For the rest of her story, I present you with this article: part one and part two. You can also watch what I think is the Channel 5 documentary The Woman with Half a Body here.

Face Development in the Womb

by Dante De Luca

Here is a video that is currently trending on YouTube. It is from the BBC series Inside the Human Body featuring Michael Mosley, and it shows a CGI animation of how the human face develops between the second and third month of gestation.
Unfortunately the whole episode is not available for viewing in Canada as far as I can tell, but if you are in the UK you can watch it here. I think you may also be able to download it from there, even if you are not in the UK.

Lessons from the Swiss Experience

by Dante De Luca
Every so often, we at uOSFL invite a speaker to come share with us their experiences in the pro-life movement. Such speakers have included Stephanie Grey, Andrea Mrozek, Vicky Green, MP Maurice Velacott, Dr. Rene Leiva, and many others. There is one man, however, whom we have wanted to have as a speaker but have never been able to get hold of. That man is Dr. José Pereira.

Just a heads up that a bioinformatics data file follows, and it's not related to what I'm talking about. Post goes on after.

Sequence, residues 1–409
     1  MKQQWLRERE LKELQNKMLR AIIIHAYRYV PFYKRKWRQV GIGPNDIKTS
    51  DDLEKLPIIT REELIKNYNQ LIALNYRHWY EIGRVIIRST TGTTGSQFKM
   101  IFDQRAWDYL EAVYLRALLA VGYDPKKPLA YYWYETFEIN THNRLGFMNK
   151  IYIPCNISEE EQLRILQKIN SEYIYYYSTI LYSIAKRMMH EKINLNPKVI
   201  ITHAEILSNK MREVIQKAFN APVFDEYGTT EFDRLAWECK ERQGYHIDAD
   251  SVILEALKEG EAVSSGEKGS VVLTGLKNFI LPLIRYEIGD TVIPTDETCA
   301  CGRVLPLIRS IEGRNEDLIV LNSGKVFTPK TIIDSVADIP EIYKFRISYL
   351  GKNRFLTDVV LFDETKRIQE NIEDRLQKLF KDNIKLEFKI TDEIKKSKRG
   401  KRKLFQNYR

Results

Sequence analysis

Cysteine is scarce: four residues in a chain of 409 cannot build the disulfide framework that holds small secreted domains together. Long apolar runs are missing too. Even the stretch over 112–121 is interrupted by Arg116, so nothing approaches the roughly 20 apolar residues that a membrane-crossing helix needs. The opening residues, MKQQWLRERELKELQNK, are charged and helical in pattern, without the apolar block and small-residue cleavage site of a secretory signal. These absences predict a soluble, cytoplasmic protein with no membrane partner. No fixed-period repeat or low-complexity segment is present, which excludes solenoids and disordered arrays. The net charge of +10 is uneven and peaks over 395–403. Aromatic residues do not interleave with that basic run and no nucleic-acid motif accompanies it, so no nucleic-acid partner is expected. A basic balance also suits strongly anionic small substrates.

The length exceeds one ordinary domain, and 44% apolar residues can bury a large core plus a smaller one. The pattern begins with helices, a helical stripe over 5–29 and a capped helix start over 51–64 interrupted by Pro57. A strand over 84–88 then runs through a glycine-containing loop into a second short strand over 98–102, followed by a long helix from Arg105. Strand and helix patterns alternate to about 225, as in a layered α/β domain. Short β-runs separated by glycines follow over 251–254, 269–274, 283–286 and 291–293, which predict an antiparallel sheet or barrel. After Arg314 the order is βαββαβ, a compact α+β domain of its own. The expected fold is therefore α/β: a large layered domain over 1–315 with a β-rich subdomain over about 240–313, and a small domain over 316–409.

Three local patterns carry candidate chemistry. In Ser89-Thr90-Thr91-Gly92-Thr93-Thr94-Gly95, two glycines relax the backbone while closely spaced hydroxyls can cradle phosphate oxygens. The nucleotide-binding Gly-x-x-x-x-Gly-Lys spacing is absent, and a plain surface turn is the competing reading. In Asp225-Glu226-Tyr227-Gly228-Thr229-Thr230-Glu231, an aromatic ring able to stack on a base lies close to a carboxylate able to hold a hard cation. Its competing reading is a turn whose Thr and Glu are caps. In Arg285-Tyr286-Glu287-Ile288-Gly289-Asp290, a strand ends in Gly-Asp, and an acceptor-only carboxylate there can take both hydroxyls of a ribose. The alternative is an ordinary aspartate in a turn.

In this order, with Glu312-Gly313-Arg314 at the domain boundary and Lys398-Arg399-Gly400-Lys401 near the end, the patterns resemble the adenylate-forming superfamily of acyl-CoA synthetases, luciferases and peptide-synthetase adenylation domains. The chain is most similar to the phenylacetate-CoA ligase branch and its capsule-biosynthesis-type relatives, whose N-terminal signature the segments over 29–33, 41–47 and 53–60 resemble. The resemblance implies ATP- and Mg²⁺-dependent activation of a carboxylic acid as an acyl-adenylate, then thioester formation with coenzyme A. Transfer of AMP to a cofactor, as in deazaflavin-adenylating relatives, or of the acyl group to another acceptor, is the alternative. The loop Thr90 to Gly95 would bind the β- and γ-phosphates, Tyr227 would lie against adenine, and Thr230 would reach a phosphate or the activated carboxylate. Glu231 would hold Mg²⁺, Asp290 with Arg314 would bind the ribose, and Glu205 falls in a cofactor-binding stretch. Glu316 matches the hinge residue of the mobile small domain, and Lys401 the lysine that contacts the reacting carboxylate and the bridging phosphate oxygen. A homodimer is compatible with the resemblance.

Dr. Pereira is a professor at the University of Ottawa and head of the palliative care program at Bruyère Continuing Care and the Ottawa Hospital. You can read more about him here. And now you can go hear him speak, courtesy of the Ethics in Medicine club.

Dr Pereira will be giving a lecture, entitled Euthanasia and Assisted Suicide: Lessons from the Swiss Experience, on Thursday, January 13, 2011 from 12:30 pm to 1:30 pm in RGN 3248 (Amph D). I encourage you all to go listen to what he has to say since this promises to be an event well worth attending.

 

One Man‚Äôs Mission to Save Rejected Babies

by Dante De Luca

Today’s article is old news (it was published in Russia Today in December 2008). That being said, it appeared in my inbox this morning, and since this is National Adoption Month I thought it was appropriate to share with you all.

It is the story of a Vietnamese gentleman by the name of Tong Phuoc Phuc. Mr Tong has gone above and beyond the call of duty to try to decrease the abortion rate in his country (which has one of the highest in the world).

Pro-Life Day of Silent Solidarity

by Dante De Luca